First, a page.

Metro Vancouver and the Fraser Valley have the lowest loan-to-value ratio in Canada, indicating average homeowners in those areas are primed to withstand inflationary pressures and the “coming storm,” according to a Re/Max Canada report released Tuesday.
“The Lower Mainland and Greater Vancouver are well poised from an overall ownership perspective to withstand any home value rebalancing that is an effect of higher interest rates and the Bank of Canada's desire to get inflation under control,” said Elton Ash, executive vice-president of Re/Max Canada.
A lower loan-to-value ratio, which indicates a homeowner owns a larger portion of their property, is a good measure of the ability to persist in the current economic environment, said Ash.
As of the third quarter of 2022, it stood at 50 per cent, down from 59 per cent in the third quarter of 2012, according to the report that pulled data from the Canada Mortgage and Housing Corp. and Equifax Inc.
The Re/Max report noted there’s been a “flurry” of new sales activity in the region since the beginning of 2023.
Ash said buyers are becoming increasingly accustomed to the high-interest rate environment.
Many of these buyers are in the “move up” category and are looking to utilize equity gained in the past decade, he said.
“It is the ‘move over, move up’ [buyer]. It's that next-purchase kind of market that has seen the activity. The first-time homebuyer market is still very, very low, and that's to be expected,” Ash said.
The report also pointed to the transference of intergenerational wealth as well as the pandemic facilitating the ability to work in smaller or more remote markets as factors contributing to the downward pressure on loan-to-value ratios.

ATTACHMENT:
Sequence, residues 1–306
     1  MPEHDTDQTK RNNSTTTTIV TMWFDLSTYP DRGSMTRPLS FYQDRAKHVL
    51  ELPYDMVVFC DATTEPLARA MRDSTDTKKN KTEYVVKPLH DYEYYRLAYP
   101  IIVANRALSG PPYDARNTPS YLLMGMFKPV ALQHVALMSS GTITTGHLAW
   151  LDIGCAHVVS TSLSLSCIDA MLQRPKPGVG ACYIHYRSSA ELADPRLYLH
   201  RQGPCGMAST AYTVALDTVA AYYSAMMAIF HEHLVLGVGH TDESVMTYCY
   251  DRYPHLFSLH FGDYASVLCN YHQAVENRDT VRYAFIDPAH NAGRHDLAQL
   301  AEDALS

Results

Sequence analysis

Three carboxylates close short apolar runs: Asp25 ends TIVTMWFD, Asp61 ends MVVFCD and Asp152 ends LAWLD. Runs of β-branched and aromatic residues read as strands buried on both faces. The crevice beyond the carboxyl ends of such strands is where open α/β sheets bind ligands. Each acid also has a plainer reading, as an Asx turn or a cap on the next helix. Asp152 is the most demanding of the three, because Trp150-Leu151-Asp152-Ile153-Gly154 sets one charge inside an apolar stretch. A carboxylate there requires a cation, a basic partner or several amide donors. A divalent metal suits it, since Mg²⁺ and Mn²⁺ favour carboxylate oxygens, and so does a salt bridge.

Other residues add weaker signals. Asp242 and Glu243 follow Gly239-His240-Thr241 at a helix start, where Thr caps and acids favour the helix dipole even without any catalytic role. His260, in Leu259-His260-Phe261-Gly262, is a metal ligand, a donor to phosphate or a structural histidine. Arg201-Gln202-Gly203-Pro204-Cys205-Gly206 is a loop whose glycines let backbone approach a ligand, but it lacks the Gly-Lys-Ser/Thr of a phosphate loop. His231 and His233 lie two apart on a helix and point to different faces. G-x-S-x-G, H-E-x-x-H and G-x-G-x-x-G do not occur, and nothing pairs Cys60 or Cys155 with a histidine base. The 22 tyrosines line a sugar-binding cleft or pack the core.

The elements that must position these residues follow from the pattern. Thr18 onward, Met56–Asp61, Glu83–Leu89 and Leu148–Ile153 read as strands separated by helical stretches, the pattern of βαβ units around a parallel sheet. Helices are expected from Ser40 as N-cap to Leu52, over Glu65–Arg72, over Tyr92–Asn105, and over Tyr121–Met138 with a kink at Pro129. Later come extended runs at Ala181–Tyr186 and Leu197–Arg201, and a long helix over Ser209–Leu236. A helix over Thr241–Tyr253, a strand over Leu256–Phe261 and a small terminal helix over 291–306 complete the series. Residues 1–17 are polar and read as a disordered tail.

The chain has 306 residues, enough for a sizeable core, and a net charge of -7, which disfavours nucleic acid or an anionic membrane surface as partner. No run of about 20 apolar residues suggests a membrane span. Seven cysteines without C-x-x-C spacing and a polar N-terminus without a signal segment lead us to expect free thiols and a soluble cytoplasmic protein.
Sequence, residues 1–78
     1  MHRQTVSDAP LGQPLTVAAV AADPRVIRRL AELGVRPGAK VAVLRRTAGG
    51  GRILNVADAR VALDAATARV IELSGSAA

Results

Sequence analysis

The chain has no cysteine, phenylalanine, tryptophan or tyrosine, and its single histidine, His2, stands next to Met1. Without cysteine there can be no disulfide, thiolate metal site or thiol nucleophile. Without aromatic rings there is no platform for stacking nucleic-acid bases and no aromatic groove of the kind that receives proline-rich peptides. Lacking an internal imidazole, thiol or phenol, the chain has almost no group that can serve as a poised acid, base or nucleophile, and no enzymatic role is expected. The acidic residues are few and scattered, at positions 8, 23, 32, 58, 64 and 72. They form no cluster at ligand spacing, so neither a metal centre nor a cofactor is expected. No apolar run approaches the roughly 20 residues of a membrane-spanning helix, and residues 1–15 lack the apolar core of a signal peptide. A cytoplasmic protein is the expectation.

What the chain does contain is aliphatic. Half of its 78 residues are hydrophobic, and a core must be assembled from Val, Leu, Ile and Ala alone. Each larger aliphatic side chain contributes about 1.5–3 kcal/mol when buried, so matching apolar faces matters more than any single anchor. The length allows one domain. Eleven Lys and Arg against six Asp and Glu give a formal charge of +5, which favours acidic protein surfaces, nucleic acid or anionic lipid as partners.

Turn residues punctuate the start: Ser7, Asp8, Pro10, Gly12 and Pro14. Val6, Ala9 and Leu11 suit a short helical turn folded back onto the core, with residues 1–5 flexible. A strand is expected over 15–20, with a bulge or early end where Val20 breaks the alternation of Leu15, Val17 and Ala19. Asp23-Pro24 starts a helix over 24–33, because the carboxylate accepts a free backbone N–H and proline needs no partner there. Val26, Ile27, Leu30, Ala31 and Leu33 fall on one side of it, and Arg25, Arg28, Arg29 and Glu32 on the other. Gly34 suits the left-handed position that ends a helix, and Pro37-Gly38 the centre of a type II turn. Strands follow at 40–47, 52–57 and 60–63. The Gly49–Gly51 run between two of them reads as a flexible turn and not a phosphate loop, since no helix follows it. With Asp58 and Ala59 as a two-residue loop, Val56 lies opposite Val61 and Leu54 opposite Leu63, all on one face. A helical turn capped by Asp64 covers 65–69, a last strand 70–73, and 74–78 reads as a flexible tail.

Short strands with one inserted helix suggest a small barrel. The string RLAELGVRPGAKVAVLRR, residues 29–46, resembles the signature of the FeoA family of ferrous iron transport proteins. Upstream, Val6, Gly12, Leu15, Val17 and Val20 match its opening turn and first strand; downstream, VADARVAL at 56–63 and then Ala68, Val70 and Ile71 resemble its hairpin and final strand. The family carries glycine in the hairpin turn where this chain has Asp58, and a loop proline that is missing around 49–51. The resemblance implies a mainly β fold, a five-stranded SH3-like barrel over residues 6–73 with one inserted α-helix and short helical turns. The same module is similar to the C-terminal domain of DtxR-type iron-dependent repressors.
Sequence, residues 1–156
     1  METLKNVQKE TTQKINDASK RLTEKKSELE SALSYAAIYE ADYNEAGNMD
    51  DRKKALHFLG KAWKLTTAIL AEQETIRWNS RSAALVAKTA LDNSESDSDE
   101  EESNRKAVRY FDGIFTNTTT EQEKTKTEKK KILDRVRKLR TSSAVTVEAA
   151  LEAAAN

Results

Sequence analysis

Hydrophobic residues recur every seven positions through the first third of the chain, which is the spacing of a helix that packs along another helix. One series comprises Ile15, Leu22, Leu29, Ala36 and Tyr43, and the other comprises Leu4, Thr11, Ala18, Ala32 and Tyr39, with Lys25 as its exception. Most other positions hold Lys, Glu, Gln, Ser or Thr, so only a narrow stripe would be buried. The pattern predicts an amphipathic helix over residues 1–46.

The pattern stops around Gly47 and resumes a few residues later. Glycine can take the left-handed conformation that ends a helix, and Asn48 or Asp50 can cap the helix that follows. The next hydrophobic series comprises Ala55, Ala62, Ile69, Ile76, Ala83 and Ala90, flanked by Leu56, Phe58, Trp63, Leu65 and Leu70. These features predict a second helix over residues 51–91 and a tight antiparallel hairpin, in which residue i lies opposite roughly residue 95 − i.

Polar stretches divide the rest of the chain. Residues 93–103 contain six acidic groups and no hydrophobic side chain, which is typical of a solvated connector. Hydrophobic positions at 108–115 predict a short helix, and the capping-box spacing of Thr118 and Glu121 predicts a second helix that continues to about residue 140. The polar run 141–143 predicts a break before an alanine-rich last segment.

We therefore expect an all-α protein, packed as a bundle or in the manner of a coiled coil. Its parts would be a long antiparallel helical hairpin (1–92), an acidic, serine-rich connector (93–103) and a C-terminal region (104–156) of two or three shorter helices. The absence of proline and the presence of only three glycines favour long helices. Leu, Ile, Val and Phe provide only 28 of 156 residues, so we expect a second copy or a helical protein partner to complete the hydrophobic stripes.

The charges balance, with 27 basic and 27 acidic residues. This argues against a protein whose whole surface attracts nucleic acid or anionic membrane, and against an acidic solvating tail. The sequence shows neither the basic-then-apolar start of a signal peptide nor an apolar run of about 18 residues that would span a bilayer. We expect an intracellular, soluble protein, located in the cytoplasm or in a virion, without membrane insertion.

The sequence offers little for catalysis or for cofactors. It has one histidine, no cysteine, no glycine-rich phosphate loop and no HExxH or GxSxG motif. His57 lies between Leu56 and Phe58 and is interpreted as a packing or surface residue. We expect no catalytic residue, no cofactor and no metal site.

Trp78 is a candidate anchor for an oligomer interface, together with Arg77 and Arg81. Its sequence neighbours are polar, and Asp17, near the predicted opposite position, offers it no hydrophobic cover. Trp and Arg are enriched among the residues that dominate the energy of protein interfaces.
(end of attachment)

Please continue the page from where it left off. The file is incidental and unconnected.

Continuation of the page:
The mortgage delinquency rate has been low throughout the Lower Mainland and across other markets in Canada, the report said. Vancouver’s delinquency rate decreased to 0.08 per cent in 2022 compared with 0.29 in 2012 – among the lowest rates in the country.
The number of mortgage holders with credit scores under 660 has decreased from 7.4 per cent in 2012 to 4.2 per cent in 2022.
Those looking to purchase homes are taking advantage of options to extend or blend existing mortgages. For new mortgages, buyers are opting for shorter, fixed-term mortgages with the intention to “ride out” the high-interest rate environment, according to the report.
When it comes to sellers, the report said that some are offering assumable-mortgages or vendor take-back loans as purchase incentives.
While B.C. has seen many new rules such as the foreign homebuyer ban or the three-day “cooling off period,” the report said that these have merely complicated some transactions and that “business has remained steady.”